Are tomboys tamed once they grow up? This lively and inspiring documentary explodes that archaic myth with the stories of proud tomboys of all ages: African-American teenager Jay Gillespie; Massachusetts firefighter Tracy Driscoll, lesbian artist Nancy Brooks Brody and the inimitable political activist Doris Haddock, aka “Granny D”, whose walk across America in support of campaign finance reform has gained global attention. Interviews with these feisty women are intercut with personal photographs and archival footage to celebrate tomboys of all ages. Exploring the myriad ways gender identity is constructed from a very young age, TOMBOYS makes the connections between rebel girl and spirited women gloriously clear. With additional commentary by girls’ studies pioneer Carol Gilligan, these tales of energy and enterprise are a revelation to us all.
Movie description from: www.akeretfilms.com/tomboys.htm
Warrior Champions: From Baghdad to Beijing
American documentary film directed by the Renaud Brothers. The films tells the individual stories of four American soldiers who lost limbs or suffered paralysis in Iraq, and of their training to try for a berth on the 2008 U.S. Paralympic team and their journey to the 2008 Summer Paralympics in Beijing.
Movie description from: http://warriorchampions.com/
Weapon of War
In no other country has sexual violence matched the scale of brutality reached in the Democratic Republic of Congo (DRC). During nearly two decades of conflicts between rebels and government forces, an estimated 150,000 Congolese women and girls fell victim to mass rape. That figure continues to rise.
WEAPON OF WAR, an award-winning film honored by Amnesty International, journeys to the heart of this crisis, where we meet its perpetrators. In personal interviews, soldiers and former combatants provide openhearted but shocking testimony about rape in the DRC. Despite differing views on causes or criminal status, all reveal how years of conflict, as well as discrimination against women, have normalized brutal sexual violence. We also see former rapists struggling to change their own or others’ behavior, and reintegrate into their communities.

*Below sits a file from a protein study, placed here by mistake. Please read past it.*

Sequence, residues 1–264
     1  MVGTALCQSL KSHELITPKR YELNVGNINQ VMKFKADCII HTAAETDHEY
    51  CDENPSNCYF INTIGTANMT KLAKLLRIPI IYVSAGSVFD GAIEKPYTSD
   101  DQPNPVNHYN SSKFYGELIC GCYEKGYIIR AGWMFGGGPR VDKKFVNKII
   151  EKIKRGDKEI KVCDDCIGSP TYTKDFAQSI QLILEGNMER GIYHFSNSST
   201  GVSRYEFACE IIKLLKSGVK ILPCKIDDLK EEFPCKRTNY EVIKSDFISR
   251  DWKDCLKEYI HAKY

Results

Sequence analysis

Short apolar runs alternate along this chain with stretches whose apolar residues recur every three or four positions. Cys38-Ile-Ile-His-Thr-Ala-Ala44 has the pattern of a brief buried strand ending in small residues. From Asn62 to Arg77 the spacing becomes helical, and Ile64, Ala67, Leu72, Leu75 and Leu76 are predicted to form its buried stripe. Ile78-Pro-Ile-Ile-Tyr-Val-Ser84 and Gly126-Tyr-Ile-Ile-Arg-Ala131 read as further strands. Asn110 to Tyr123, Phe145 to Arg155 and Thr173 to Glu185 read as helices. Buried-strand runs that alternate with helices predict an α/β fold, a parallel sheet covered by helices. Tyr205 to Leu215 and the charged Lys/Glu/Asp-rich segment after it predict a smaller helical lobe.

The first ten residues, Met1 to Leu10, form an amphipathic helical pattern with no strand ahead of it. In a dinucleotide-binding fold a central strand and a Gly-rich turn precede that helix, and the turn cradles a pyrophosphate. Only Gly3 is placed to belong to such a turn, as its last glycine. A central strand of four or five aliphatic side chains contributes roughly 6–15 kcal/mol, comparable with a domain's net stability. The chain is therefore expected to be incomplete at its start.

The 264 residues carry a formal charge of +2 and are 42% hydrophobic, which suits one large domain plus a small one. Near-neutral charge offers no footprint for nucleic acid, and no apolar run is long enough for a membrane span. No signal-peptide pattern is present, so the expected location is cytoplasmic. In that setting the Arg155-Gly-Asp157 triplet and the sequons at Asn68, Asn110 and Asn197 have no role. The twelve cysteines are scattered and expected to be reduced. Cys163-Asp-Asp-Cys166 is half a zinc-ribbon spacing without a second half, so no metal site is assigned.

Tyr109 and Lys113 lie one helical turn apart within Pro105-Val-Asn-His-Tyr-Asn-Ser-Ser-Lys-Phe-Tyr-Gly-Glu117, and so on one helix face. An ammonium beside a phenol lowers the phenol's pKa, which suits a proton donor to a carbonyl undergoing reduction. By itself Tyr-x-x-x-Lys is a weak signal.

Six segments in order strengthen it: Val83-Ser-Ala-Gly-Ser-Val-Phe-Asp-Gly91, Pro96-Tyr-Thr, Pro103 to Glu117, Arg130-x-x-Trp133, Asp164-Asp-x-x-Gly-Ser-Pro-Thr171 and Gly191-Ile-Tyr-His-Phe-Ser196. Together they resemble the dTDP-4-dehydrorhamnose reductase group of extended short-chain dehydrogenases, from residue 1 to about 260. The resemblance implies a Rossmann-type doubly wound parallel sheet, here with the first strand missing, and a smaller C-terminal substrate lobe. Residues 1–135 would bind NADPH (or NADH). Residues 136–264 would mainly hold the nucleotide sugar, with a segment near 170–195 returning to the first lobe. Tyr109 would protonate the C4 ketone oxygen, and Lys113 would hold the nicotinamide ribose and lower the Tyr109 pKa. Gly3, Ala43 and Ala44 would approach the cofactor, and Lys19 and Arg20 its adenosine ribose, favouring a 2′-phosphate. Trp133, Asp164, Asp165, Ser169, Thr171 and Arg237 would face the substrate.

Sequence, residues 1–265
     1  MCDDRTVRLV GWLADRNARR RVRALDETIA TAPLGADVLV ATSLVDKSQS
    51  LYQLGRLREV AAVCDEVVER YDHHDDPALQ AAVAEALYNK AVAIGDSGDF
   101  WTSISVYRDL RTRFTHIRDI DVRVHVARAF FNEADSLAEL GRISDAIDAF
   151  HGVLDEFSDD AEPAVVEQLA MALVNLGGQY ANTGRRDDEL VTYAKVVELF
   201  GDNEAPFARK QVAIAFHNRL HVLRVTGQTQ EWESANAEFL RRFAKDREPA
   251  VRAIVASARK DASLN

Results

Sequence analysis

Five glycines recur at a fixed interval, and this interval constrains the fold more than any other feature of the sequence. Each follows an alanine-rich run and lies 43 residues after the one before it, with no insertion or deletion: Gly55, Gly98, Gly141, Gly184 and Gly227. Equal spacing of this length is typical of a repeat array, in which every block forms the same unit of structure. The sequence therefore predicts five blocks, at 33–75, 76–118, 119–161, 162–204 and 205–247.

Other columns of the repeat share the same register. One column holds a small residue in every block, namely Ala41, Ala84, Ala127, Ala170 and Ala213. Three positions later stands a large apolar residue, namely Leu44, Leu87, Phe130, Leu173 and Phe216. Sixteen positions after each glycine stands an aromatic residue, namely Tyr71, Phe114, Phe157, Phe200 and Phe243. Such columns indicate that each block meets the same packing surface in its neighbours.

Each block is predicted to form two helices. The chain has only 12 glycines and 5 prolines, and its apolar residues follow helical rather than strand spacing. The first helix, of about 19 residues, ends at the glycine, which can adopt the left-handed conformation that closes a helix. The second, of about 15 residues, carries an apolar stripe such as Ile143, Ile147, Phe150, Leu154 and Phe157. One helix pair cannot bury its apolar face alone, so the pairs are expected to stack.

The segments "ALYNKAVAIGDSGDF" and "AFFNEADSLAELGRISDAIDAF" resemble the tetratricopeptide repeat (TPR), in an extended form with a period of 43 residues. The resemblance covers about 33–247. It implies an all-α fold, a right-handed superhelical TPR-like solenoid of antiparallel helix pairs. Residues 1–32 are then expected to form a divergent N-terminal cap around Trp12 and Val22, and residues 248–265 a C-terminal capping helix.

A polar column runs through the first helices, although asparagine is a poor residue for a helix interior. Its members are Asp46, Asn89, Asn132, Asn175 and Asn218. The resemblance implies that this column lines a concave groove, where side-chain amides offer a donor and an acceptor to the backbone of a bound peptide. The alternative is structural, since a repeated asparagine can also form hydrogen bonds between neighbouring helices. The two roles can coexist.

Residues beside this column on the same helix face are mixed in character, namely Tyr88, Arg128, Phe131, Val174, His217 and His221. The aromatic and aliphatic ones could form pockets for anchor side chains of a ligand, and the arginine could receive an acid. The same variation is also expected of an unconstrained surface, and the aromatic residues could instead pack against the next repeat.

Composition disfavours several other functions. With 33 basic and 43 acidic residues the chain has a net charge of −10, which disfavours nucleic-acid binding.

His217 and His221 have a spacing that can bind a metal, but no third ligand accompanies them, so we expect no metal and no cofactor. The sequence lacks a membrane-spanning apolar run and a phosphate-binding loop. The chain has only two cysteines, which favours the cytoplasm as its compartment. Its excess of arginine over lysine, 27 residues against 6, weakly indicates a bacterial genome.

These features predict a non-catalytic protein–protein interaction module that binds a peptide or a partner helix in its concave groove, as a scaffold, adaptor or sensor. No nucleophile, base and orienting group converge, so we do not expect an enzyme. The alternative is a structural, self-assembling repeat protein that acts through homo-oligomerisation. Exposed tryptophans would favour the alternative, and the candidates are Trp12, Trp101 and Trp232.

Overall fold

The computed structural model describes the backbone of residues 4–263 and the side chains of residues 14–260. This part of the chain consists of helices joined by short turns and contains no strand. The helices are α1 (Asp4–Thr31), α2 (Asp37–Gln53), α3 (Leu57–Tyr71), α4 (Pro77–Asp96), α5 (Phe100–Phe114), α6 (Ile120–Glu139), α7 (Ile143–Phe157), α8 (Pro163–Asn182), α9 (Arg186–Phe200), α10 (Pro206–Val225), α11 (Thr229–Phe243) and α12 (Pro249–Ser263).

A companion to FIGHTING THE SILENCE and its portraits of Congolese rape survivors, this indispensable resource provides unique insights into strategic uses of rape as a military weapon - and the motives of the men who employ it.
Movie description from: http://www.wmm.com/filmcatalog/pages/c803.shtml
Wired for Sex, Lies, and Power Trips
An inside look at the culture of sexual harassment and bullying widespread among many teens today, this unique and compelling program examines the price that adolescents, especially girls, pay to be cool, hip and popular in our brave new wired world. Questioning and confronting their own and each other’s stereotypes and assumptions, three different groups of culturally diverse teenagers share personal stories of navigating their hyper-sexualized, high-tech environment, where the online posting of racy photos, raunchy videos, and explicit gossip and lies, is as commonplace as bombardment by provocative media messages that degrade and objectify women.
Movie description from: www.imdb.com/title/tt1984013
Women and Money: Owning the Power to Control your Destiny
Suze Orman, the nation’s go-to expert on all things financial, investigates the complicated, dysfunctional relationship women have with money.
Movie description from: www.youtube.com/watch?v=joOf-M4qn7Q
Women Without Men
A modern literary masterpiece, Women Without Men creates an evocative and powerfully drawn allegory of life in contemporary Iran. With a tone that is as stark and bold, yet magical, as its elegantly drawn settings and characters, internationally acclaimed writer Shahrnush Parsipur follows the interwoven destinies of five women -- including a prostitute, a wealthy middle-aged housewife, and a schoolteacher -- as they arrive, by many different paths, to live in a garden on the outskirts of Tehran. Reminiscent of a wry fable and drawing on elements of Islamic mysticism and recent Iranian history, Women Without Men depicts women escaping the narrow precincts of family and society -- only to face daunting new challenges. Shortly after the novel's 1989 publication, Parsipur was arrested and jailed for her frank and defiant portrayal of women's sexuality. Though still banned in Iran, this national best-seller was eventually translated into several languages, delighting new readers with the witty and subversive work of a brilliant Persian writer.
Movie description from: www.imdb.com/title/tt1498887
Working Girl is a 1988 romantic comedy-drama film written by Kevin Wade and directed by Mike Nichols. It tells the inspiring story of a Staten Island-raised secretary, Tess McGill (Melanie Griffith), working in the mergers and acquisitions department of a Wall Street investment bank. When her boss, Katharine Parker (Sigourney Weaver), breaks her leg skiing, Tess uses Parker's absence and connections, including her errant beau Jack Trainer (Harrison Ford), to put forward her own idea for a merger deal.
The film features a notable opening sequence following Manhattan-bound commuters on the Staten Island Ferry accompanied by Carly Simon's song "Let the River Run", for which she received the Academy Award for Best Song. The film was a box office hit, grossing a worldwide total of $103 million.
Griffith was nominated for an Academy Award for Best Actress, while both Weaver and Joan Cusack were nominated for the Academy Award for Best Supporting Actress. The film itself was also nominated for Best Picture at the 61st Academy Awards.
Movie description from: http://en.wikipedia.org/wiki/Working_Girl